# Building pyramids with code composition

The Al Jazari 2 bots currently have six basic actions – move forward/backwards, turn 90 degrees left or right, pick up the block underneath them or drop the block to the space they are currently sitting on. Given these instructions, how do we procedurally build pyramids (of any given size) like this in their minecraft-esque world?

1. A pyramid can be built as a series of plateaus layered on top of each other, the plateaus can be built from material mined from nearby:

2. A single plateau can be built as a series of single block wide ridges next to each other, mined from a series of trenches. This is an example ridge/trench of size 3:

3. We need a gap between the ridge and the trench in order to place the plateau in the correct place in the pyramid (also the bots can only climb a single block at a time, otherwise they get stuck).

So in order to build a complete pyramid, we write the code to build a ridge/trench of any size and figure out the steps in-between to get the robot into the right position for the next one. The simplest ridge/trench is a single block long, so lets try writing some code to do that:

The lambda, and bot-sequence etc are scheme code required to get the bot language working, we’re just interested in the contents of the “seq”. After running these instructions we’re in the right place for the next block. Note that the majority of the actions are involved with positioning the bot after doing it’s work. To place the next cube we copy the code and add some more ‘forward’s (as we have to travel a bit further going back and forth):

This is already getting pretty long – we could do with a way to do repetition, so I’ve added a ‘repeat’ form to the language which takes a count, a name bound to the current iteration number (like a ‘for’ loop) and a list of instructions. This is the complete ridge/trench definition for any size, including gaps of any size:

The majority of the code is the maths to get the bot picking up and placing blocks further and further apart including the gap parameter. When collapsed into a function and run we get this:

With the bot ending up in the same place as it started. In order to create a square plateau we call this function, move sideways and repeat, and then move back to where we started again when we’re done:

Going from a plateau function to a pyramid is even shorter, and involves moving inwards diagonally and building smaller plateaus each time. Of course it also mines out a negative pyramid at the same time:

Here is a time lapse of a massive 8×8 pyramid being built, the code ‘compiles’ to 3224 low level instructions:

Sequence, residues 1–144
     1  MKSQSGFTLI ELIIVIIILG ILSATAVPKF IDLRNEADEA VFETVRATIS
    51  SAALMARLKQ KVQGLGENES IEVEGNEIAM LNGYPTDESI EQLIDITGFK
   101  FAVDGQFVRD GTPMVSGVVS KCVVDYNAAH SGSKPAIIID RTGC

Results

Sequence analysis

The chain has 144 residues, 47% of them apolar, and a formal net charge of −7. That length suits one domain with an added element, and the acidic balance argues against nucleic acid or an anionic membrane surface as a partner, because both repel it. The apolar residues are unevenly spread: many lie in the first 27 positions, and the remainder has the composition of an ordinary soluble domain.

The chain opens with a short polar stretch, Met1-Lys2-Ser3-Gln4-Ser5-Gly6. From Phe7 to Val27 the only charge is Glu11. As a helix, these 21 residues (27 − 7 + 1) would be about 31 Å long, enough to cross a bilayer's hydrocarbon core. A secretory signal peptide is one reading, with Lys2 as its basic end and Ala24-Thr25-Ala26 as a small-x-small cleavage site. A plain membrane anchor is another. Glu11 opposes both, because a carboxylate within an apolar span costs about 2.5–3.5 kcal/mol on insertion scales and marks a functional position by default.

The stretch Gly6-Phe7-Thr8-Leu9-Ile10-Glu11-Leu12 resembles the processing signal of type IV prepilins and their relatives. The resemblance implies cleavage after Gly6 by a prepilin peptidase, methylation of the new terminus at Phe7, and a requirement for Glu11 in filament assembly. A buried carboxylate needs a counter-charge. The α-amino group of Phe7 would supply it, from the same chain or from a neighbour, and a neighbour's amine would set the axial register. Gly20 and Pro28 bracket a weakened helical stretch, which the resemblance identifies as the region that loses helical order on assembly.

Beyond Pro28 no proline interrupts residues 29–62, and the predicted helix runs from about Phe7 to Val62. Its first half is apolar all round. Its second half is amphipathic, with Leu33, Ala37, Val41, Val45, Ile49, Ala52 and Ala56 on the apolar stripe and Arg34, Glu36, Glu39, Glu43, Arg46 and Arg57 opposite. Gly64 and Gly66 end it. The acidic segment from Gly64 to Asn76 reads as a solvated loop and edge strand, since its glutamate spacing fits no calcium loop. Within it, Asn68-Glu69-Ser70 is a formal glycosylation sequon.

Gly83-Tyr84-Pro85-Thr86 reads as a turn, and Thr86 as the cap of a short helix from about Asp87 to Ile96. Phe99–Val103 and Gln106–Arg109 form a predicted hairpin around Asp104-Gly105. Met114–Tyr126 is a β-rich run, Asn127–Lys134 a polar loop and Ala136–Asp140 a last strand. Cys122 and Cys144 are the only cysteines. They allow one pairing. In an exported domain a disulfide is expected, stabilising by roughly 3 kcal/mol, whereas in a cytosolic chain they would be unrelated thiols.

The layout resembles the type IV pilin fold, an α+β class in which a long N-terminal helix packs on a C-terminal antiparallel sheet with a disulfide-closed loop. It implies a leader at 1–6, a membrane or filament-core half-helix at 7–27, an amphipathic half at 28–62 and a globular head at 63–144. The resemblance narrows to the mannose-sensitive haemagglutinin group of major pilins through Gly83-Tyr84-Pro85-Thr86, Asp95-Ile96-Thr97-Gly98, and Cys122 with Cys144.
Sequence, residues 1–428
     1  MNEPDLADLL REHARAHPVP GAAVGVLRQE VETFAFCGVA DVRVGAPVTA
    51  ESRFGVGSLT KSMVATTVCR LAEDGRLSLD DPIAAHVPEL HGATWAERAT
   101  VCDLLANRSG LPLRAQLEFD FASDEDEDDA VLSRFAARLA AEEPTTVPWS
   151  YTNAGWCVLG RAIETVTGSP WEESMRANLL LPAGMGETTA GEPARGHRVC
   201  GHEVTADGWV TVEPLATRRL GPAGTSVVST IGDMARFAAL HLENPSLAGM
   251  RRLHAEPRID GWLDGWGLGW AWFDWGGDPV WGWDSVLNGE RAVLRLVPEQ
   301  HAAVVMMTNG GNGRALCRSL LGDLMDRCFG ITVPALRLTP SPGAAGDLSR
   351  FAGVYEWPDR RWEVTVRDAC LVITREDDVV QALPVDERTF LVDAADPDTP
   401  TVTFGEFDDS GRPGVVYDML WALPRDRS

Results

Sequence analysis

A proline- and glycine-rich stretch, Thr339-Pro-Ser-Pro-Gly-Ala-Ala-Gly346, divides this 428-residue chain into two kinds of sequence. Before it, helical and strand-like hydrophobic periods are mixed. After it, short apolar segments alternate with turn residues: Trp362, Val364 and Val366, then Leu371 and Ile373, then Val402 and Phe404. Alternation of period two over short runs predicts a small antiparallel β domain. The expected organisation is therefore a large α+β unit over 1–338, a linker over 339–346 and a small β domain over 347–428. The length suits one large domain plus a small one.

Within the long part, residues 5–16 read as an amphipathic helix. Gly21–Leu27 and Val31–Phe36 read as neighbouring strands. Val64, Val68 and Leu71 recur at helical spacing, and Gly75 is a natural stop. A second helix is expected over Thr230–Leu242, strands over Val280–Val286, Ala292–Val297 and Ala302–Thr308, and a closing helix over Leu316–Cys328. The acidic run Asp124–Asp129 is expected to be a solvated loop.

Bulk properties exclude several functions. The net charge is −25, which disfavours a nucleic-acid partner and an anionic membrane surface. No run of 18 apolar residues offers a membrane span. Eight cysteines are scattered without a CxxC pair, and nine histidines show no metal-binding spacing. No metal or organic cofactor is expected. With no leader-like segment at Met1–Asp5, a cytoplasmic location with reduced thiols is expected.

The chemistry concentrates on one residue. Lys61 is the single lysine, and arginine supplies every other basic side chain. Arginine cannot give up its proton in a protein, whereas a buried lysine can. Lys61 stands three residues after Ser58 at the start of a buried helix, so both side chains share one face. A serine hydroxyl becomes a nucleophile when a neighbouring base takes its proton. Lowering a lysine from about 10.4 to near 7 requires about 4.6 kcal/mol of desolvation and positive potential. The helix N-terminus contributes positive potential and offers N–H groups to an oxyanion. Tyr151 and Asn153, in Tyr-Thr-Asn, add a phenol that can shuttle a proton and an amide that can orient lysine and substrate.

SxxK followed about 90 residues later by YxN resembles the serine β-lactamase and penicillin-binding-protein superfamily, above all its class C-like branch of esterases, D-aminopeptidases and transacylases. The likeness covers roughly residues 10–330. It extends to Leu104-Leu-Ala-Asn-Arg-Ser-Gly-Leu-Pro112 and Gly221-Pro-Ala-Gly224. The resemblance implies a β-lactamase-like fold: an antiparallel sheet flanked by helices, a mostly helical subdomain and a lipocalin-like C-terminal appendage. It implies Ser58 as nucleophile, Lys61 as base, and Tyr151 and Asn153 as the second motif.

So this is a kind of programming that encourages solving problems through composition of abstractions – from the low level instructions, simple loops, primitive building constructs, up to complete structures. I’m not sure why in educational languages such as Scratch this is somehow sidelined (interestingly it’s not in Logo, it’s predecessor). Whether this is due to the ubiquity of imperative programming that leads to a focus on manipulation of state, or this kind of programming being considered as too advanced – but for me it’s fundamental, and I’m pretty sure it wouldn’t be that challenging for the kids in the CodeClub I’m running either.

## 3 thoughts on “Building pyramids with code composition”

1. Peter Todd says:

In a roundabout way, this post got me reading about Logo again and via that I found http://snap.berkeley.edu/ “It is an extended reimplementation of Scratch (a project of the Lifelong Kindergarten Group at the MIT Media Lab) that allows you to Build Your Own Blocks. It also features first class lists, first class procedures, and continuations. These added capabilities make it suitable for a serious introduction to computer science for high school or college students.”

It might be that concepts like map are beyond what you want in a CodeClub (and their presence could lead to confusion), but you should certainly be aware of that project and may well want to use it. Certainly, the notion of being able to build a vocabulary of abstractions seems like something kids should learn early on.

2. That’s great thanks – it’s a shame it’s not included in Scratch (even in a kind of advanced features mode). I certainly think that named procedures should be part of the basic set of things for kids to play with.